The flower bloomed and faded. The sun rose and sank. The lover loved and went. And what the poets said in rhyme, the young translated into practice. ― Virginia Woolf, Orlando. (Penguin Classic; Abridged edition, October 3, 2000) Originally published October 11th 1928.
I went into the desert to forget about you. But the sand was the color of your hair. The desert sky was the color of your eyes. There was nowhere I could go that wouldn’t be you. — Jeffrey Eugenides, Middlesex (Farrar, Straus, and Giroux, 2003)
Fear knocked at the door and faith answered. No one was there. — Anonymous. Found in an English pub after one of the many London bombings by Hitler during World War II.
Learn to live by knowing how to live and let live. Never take anything in life but flowers, and from flowers, only the perfume… — Émilie Carles, A Life of her Own: The Transformation of a Countrywoman in Twentieth-Century France, translation by Avriel H. Goldberger. (Penguin Books; Reprint edition June 1, 1992) Originally published January… Continue reading Émilie Carles
To love. To be loved. To never forget your own insignificance. To never get used to the unspeakable violence and the vulgar disparity of life around you. To seek joy in the saddest places. To pursue beauty to its lair. To never simplify what is complicated or complicate what is simple. To respect strength, never… Continue reading Arundhati Roy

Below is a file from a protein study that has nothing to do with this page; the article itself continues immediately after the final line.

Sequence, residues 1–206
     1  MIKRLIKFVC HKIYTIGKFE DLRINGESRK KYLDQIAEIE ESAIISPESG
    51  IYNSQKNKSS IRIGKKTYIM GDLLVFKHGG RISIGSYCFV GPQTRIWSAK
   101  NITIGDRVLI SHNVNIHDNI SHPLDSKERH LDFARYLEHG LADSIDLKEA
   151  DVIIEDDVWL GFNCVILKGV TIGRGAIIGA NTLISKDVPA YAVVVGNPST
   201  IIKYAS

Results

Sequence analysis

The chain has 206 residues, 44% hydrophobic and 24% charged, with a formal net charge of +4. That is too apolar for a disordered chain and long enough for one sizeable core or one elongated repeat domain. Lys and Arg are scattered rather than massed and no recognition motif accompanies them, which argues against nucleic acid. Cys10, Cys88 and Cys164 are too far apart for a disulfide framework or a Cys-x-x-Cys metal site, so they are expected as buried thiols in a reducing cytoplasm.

This is how I recognize an authentic poet: by frequenting him, living a long time in the intimacy of his work, something changes in myself, not so much my inclinations or my tastes as my very blood, as if a subtle disease had been injected to alter its course, its density and nature. To live… Continue reading Emil Cioran
Now more than ever do I realize that I will never be content with a sedentary life, that I will always be haunted by thoughts of a sun-drenched elsewhere. ― Isabelle Eberhardt, The Nomad: The Diaries of Isabelle Eberhardt. (Interlink Pub Group; Trade Paperback Edition edition May 1, 2003) Originally published 1987.